Call Virginia Tech the surprise package

At 5-2, these young Hokies more than hold their own at midseason checkpoint

College Football

October 18, 2004|By Don Markus | Don Markus,SUN STAFF

The first Bowl Championship Series rankings will be announced today, meaning that the debates about which teams will make it to this year's national championship game at the FedEx Orange Bowl should also start percolating.

Given the security Southern California and Oklahoma seem to have in locking up the first two spots, and the fact that their respective schedules appear to get easier (especially for the Sooners after Texas A&M's win Saturday over Oklahoma State), this pot is bubbling more than boiling.

With the season half over, this is a good time to look back at the biggest surprises and busts along with those who might figure in the major awards.

Surprise team: Cases certainly can be made for two of the remaining unbeatens: Auburn, which figures to be in position to sneak into contention for the Orange Bowl should either USC or Oklahoma fall, as well as Wisconsin. But a stronger argument might be made for Virginia Tech, which is a last-second loss away from being unbeaten in the Atlantic Coast Conference. The Hokies, one of the youngest offensive teams in the country, hung tough with USC in the BCA Football Classic in late August and upset then-overrated West Virginia at home. At 5-2, Tech has winnable games the next three weeks at Georgia Tech and North Carolina and at home against Maryland before finishing with Virginia and Miami.

Disappointing team: A lot of frustrated fans in College Park might nominate the Terrapins after the past two weeks, but Maryland was supposed to be something of a question mark because of its quarterback situation. Ohio State wasn't. Many thought the Buckeyes would be better with sophomore Justin Zwick at quarterback than they were with Craig Krenzel, who was 24-3 as a starter and helped win a national championship in 2002 but never got much respect. Zwick has thrown more interceptions (six) than touchdown passes (five) and has been sacked 13 times, and the Buckeyes are riding a three-game losing streak.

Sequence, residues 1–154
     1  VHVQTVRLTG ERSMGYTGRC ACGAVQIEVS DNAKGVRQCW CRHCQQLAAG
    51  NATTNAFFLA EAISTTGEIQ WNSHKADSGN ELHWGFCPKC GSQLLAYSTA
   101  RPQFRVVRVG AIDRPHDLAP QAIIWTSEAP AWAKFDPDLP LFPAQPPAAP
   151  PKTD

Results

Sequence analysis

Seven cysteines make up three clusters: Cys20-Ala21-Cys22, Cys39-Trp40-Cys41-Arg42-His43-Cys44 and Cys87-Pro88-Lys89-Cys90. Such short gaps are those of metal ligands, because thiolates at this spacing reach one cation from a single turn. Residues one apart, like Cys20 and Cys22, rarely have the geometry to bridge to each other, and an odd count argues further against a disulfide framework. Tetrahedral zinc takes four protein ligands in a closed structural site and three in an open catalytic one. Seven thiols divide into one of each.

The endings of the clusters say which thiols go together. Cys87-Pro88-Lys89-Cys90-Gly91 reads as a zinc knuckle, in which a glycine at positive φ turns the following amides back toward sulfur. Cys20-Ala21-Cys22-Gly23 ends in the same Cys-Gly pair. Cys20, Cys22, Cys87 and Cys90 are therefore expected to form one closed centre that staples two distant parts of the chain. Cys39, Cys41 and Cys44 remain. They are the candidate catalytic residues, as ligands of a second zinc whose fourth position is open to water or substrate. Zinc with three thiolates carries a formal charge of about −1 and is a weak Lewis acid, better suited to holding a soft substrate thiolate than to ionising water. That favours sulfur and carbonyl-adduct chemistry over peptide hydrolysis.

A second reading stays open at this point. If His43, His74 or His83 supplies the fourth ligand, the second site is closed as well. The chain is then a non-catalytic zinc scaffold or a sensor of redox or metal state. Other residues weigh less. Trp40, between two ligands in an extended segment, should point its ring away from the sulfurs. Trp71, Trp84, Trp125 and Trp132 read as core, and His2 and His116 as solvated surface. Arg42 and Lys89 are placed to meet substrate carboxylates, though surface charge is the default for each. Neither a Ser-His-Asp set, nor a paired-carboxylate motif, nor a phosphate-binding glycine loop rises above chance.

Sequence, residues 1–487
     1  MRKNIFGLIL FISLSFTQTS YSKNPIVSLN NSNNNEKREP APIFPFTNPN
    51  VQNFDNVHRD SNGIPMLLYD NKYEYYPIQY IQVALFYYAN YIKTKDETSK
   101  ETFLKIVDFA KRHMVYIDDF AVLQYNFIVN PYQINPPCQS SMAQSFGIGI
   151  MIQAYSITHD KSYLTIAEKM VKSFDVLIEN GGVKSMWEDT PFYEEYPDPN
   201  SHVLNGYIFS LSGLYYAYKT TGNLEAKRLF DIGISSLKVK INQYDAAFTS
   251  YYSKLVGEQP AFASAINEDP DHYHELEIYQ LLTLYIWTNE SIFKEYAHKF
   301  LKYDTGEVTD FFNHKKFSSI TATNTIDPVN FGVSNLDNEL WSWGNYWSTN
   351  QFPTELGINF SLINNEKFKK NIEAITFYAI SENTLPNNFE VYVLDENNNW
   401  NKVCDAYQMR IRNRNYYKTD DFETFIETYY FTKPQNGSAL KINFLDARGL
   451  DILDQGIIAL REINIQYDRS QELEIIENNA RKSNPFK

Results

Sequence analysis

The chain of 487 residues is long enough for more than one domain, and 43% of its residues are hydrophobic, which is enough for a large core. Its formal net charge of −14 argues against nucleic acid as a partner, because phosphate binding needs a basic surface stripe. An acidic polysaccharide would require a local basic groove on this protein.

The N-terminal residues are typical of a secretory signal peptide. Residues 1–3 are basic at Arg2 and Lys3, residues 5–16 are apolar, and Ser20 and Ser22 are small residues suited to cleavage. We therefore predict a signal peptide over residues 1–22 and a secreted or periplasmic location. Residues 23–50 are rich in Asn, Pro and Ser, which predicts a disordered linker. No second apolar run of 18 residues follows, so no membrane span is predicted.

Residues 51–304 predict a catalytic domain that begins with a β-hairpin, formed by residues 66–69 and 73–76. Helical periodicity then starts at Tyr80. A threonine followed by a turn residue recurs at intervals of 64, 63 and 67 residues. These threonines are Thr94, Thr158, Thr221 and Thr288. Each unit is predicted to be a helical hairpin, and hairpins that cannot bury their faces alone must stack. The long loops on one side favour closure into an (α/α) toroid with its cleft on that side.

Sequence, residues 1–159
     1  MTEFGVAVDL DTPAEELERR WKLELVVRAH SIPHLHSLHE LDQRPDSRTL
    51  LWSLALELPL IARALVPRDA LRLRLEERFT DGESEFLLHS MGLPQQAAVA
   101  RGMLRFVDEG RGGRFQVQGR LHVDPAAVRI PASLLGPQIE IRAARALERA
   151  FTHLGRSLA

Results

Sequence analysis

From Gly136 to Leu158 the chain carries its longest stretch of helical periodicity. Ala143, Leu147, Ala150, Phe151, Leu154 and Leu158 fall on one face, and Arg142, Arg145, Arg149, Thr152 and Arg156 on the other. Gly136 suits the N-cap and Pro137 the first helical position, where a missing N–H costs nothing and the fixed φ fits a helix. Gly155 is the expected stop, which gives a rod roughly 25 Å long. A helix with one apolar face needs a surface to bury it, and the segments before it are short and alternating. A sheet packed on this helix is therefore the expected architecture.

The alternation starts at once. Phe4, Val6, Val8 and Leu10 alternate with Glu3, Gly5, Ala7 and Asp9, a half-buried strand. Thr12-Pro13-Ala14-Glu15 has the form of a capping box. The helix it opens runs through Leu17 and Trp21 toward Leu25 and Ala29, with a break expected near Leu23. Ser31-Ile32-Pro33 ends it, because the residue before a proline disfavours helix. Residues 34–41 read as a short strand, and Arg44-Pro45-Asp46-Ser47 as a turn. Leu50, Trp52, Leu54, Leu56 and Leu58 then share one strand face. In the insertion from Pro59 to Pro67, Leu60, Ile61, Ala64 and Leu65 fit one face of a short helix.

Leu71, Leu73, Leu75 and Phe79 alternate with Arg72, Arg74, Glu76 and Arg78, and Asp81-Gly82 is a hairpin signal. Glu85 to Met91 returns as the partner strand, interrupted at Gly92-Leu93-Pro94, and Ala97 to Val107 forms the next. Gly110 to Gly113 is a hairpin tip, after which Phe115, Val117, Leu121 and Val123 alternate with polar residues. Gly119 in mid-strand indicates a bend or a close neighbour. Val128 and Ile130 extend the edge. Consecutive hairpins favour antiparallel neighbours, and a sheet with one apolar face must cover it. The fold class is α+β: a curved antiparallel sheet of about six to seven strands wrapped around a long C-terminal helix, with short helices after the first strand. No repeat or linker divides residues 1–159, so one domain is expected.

Surprise player: Though senior tailback Carnell "Cadillac" Williams remains Auburn's biggest star, senior quarterback Jason Campbell is the biggest reason the Tigers haven't lost. After throwing only 10 touchdown passes last season, along with eight interceptions, Campbell is one of the nation's leaders in passing efficiency with 13 touchdowns and only two interceptions, and threw for 297 yards and three touchdowns in Saturday's 38-20 win over Arkansas.

Disappointing player: This was supposed to the year that Florida State quarterback Chris Rix finally lived up to all the hype that accompanied him to Tallahassee out of high school. After playing well as a freshman, it's been all downhill for Rix. Rix recently lost his starting job because of injury and inconsistency to sophomore Wyatt Sexton, who has led the Seminoles to three straight wins.

Coach of the Year: There are a lot of candidates for this one. You might want to start with Auburn's Tommy Tuberville, who was supposed to lose his job last season to Louisville's Bobby Petrino. Another strong choice is Wisconsin's Barry Alvarez, who was also on the hot seat after the Badgers lost five of their last six a year ago to finish 7-6. But the vote here is split between two of the three coaches of the country's service academies. Navy's Paul Johnson was the frontrunner until Saturday's disappointing 27-9 loss to Notre Dame. Now let's look at Army's Bobby Ross, who has the Black Knights on a two-game winning streak after breaking a 19-game losing streak. The winner of the Commander in Chief's Trophy might be worthy of taking home another piece of hardware.

Game of the Year: In terms of games with championship implications living up to their hype, nothing can top USC's 23-17 win over upstart California on Oct. 9 in Los Angeles. The game went down to the wire and ended with Bears quarterback Aaron Rodgers, who had completed his first 23 passes of the day (an NCAA record) unable to finish the job deep in Trojans territory. But for sheer excitement - and with at least one team's national title hopes on the line - there hasn't been a game to match Miami's 41-38 thriller over Louisville at the Orange Bowl last Thursday.

Player of the Year: This usually translates into the Heisman Trophy winner. Purdue's Kyle Orton was making a strong bid for himself until the Boilermakers fell apart - with Orton coughing up a key fumble on a wicked hit - in Saturday's 20-17 loss at home to Wisconsin. While underclassmen don't typically wind up with the award, Oklahoma freshman tailback Adrian Peterson and Southern Cal's do-everything tailback Reggie Bush, a sophomore, are the leaders at halftime of this season. Peterson keeps putting up big numbers for the Sooners, including 130 tough yards in Saturday's comeback win against Kansas State, while Bush continues to make eye-popping plays for the Trojans, including throwing a 52-yard touchdown pass in USC's rout of Arizona State.

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